Boris Pahor turns 99

October 2012

This summer, Boris Pahor'sKnjiga o Radi ('Book about Rada') was the best-selling book in Slovenia.  The book was published shortly before the author's 99th birthday. Boris Pahor spent about two years (between 2009 and 2011) writing Knjiga o Radi, in which he pays literary tribute to his life companion, Radislava Premrl. He narrates the story of his wife, Rada, in the form of diaries following her death, and in the form of memoirs about her since their first meeting, about their falling in love, their marriage, the birth of their two children and their life together until her death.

The story of one of the greatest living Slovenians started on 26 August 1913

Boris Pahor. Photo: STA

The writer, born in Trieste (today in Italy, but at that time it was part of the Austro-Hungarian Empire), experienced Italian Fascism, German Nazism and Yugoslav Communism. As a child (on 13 July 1920), he witnessed how the Fascists burnt down the Slovenian cultural centre Narodni dom in Trieste, the central institution of the Slovenians in Trieste at that time; later, he also faced the Fascist persecution of Slovenians from the Primorska region. During the Second World War, he therefore joined the National Liberation Movement. In 1944, he was arrested and sent to the Nazi concentration camps Dachau, Natzweiler-Struthof and Bergen-Belsen. He survived and, after his recovery at a French sanatorium, he returned to Trieste; he graduated from the University of Padua in Italy and then worked as professor in Slovenian schools in Trieste.

Boris Pahor was also engaged in Slovenian cultural and political life as a writer and editor of magazines, such as the magazine Zaliv ('The Bay'). He was known for his critical view on Slovenian reality and independence of thought, which soon put him at odds with the leftist circles prevailing in the Slovenian minority at that time, as well as with the new Communist regime in Slovenia and Yugoslavia. Although he takes a left-wing stance in his political views, he has never agreed with the engagement of Slovenians in Italian left-wing parties; as a Slovenian nationalist, he has, instead, strived for independent political engagement.

The then regime in Yugoslavia was very critical of Pahor, mainly after the publication of the book entitledEdvard Kocbek: pričevalec našega časa ('Edvard Kocbek – the Witness of Our Epoch') in 1975, which he wrote with Alojz Rebula on the occasion of Kocbek's 70th birthday.  In the interview contained in the book, Kocbek spoke for the first time about the post-war killing of 11 000 Slovenian Home Guards who were returned to Yugoslavia by the British military administration; the Yugoslav authorities considered this as a reason to ban Pahor from entering Yugoslavia for several years.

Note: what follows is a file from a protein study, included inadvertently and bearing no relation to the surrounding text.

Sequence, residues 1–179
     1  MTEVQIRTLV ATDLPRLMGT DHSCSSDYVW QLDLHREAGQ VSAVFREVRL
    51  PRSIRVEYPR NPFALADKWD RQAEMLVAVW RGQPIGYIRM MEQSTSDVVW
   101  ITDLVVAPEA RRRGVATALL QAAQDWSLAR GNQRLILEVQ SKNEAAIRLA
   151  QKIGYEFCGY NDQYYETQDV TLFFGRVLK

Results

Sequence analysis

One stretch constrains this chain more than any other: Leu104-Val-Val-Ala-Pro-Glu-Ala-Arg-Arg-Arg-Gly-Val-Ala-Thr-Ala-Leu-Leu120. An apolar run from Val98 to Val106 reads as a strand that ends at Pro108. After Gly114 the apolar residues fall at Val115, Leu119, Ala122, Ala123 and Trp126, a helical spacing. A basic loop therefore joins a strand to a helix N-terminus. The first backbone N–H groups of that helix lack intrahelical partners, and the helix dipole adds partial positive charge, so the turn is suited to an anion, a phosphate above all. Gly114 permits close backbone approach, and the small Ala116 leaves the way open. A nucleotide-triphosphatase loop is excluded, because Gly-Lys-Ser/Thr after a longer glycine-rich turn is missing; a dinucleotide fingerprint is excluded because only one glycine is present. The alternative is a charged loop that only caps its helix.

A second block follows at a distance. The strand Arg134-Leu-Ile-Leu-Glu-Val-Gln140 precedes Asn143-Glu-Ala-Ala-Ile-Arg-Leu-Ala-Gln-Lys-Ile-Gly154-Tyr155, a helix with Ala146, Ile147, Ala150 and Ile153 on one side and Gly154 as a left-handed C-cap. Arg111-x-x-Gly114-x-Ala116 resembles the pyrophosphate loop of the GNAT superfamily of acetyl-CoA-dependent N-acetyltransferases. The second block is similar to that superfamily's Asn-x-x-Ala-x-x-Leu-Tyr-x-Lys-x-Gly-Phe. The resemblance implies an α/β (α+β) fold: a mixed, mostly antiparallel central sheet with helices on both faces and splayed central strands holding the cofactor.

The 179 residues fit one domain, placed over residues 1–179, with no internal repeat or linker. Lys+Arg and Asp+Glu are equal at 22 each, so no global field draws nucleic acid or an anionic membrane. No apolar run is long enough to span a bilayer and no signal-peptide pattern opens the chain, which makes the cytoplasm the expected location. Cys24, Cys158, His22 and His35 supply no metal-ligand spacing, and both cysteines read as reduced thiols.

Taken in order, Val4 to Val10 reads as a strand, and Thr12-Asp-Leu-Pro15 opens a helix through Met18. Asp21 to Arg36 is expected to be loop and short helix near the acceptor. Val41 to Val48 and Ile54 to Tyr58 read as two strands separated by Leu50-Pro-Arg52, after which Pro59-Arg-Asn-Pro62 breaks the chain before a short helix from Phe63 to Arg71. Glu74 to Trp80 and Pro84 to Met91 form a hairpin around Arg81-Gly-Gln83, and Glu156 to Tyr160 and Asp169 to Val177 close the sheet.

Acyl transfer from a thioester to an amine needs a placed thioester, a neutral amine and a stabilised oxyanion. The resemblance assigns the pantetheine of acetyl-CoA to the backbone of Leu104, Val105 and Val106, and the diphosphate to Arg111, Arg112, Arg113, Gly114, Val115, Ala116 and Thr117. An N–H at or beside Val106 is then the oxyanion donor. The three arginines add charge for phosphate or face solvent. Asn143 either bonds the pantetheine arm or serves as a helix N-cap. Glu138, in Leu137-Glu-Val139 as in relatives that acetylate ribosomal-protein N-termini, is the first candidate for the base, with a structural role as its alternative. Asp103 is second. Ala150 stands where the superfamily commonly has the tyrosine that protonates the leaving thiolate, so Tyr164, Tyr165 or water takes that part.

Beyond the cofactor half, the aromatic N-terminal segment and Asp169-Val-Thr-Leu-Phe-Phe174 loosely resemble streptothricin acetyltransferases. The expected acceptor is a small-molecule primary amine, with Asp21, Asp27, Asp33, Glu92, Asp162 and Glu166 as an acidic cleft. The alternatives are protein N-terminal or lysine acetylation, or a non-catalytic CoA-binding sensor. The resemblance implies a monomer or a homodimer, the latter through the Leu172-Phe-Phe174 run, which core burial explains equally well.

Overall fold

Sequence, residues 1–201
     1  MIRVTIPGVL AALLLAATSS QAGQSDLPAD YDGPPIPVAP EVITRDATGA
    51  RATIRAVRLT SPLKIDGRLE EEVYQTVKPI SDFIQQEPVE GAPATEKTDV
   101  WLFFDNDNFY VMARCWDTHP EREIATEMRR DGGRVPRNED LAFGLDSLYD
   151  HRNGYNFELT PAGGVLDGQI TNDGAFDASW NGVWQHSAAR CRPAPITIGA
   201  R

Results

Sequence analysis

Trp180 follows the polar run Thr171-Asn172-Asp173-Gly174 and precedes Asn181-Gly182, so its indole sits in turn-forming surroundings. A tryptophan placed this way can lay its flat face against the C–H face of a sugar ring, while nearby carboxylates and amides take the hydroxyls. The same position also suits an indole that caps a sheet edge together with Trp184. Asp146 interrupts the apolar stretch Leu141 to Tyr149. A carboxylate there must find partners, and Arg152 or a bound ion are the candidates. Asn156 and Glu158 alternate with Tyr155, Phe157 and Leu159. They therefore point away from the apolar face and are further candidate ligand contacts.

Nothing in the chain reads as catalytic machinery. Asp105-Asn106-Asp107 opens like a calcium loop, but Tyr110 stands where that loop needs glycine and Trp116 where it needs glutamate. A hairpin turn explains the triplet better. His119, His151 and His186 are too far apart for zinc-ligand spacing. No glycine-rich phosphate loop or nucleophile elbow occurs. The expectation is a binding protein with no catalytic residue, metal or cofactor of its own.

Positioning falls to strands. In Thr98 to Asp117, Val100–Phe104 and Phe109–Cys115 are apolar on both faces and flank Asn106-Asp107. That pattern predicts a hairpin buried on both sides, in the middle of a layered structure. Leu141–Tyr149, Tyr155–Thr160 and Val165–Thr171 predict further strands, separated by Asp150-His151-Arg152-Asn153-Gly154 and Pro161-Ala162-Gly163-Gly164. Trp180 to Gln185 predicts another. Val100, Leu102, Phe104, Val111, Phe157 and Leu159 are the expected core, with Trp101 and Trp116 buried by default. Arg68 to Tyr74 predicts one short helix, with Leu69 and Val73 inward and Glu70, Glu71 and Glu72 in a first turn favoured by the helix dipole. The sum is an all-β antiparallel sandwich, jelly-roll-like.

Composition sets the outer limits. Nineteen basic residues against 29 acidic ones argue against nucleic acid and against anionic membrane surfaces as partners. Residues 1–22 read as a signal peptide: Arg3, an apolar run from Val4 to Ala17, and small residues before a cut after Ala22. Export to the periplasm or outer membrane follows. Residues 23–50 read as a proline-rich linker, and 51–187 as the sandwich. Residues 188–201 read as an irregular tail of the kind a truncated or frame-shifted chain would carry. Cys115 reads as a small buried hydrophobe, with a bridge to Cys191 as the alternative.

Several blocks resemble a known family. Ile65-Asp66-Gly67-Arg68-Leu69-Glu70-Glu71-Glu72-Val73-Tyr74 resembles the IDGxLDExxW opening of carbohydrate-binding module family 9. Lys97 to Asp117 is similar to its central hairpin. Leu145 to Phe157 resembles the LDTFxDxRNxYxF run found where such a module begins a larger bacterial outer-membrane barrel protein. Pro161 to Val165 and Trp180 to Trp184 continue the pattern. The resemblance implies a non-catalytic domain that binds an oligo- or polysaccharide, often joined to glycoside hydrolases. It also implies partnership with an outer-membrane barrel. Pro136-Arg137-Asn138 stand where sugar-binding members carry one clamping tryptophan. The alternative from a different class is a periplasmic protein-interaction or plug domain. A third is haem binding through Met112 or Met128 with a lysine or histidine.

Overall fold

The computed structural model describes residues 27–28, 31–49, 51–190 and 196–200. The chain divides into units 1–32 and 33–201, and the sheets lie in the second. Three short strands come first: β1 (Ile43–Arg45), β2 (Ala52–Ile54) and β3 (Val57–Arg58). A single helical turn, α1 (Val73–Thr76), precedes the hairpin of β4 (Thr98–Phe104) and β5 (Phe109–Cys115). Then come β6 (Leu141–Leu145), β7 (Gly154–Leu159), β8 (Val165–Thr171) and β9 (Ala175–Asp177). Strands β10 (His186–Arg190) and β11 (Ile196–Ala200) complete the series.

Pahor's books among the most recognised Slovenian literary works in the world

'Yet behind the gifted writer hides a man whose spirit is always on the alert, always ready for debate, attentive and sharp, a man whom neither history nor the present and future can contradict,' said the former French Ambassador to Slovenia, Nicole Michelangeli.

His books have been translated into many European and world languages.  Europe discovered his enviable literary opus several decades after the first publications of his books. Also in Slovenia, the reading public has only been reading Boris Pahor for the last two decades.  His works Grmada v pristanu,Parnik trobi nji, Zatemnitev ('Obscuration'), Nekropola ('Pilgrim among the Shadows'), Spopad s pomladjo ('A Difficult Spring') and other works had long been overlooked after their publication in the second half of the last century; one reason being that the Communist regime systematically rejected them.

When Slovenia became independent, Boris Pahor was finally awarded for his outstanding work and moral stand. In 1992, he received the Prešeren Award, the highest decoration in the field of artistic creation in Slovenia. He was also awarded the Order of Freedom of the Republic of Slovenia. In 2010, the readers of the main Slovenian daily newspaper, Delo, selected him as its Personality of the Year.  On that occasion, Pahor said in his statement to the press that (among other things) he considers such awards as an opportunity to present to the public his thoughts and positions.

Pahor, who also wrote in foreign languages, has received awards and accolades from various European countries. In 2007, he received the French Legion of Honour award as a sign of gratitude for having enriched the French language, while last year he was honoured with the title of Commander of the Order of Arts and Letters of the French Republic. Conferring the Order, the French Ambassador to Slovenia, Nicole Michelangeli expressed her belief that Pahor's book Nekropola ('Pilgrim among the Shadows') will remain the most important literary account of exile and the atrocities of the Nazis.

Is it not time that one of our most translated authors receives the Nobel Prize for Literature?

Photo: STA

Pahor's literary style is defined as national- and humanistic-engaged realism with the ideal values of eros and ethos.  The author stresses that love is the only value through which a man can be relieved from evil in the personal sense, while humanity can be relieved from it in the social sense. He, however, always highlights national awareness considering it necessary for the survival of the Slovenians in Italy, as well as for the survival of man and humanity in the world.  Boris Pahor is without doubt a phenomenon of global importance and reputation.  Is it not time that one of our most translated authors receives the Nobel Prize for Literature?

Text by Valerija Obu, Sinfo, October 2012  
Photo: Nebojša Tejić/STA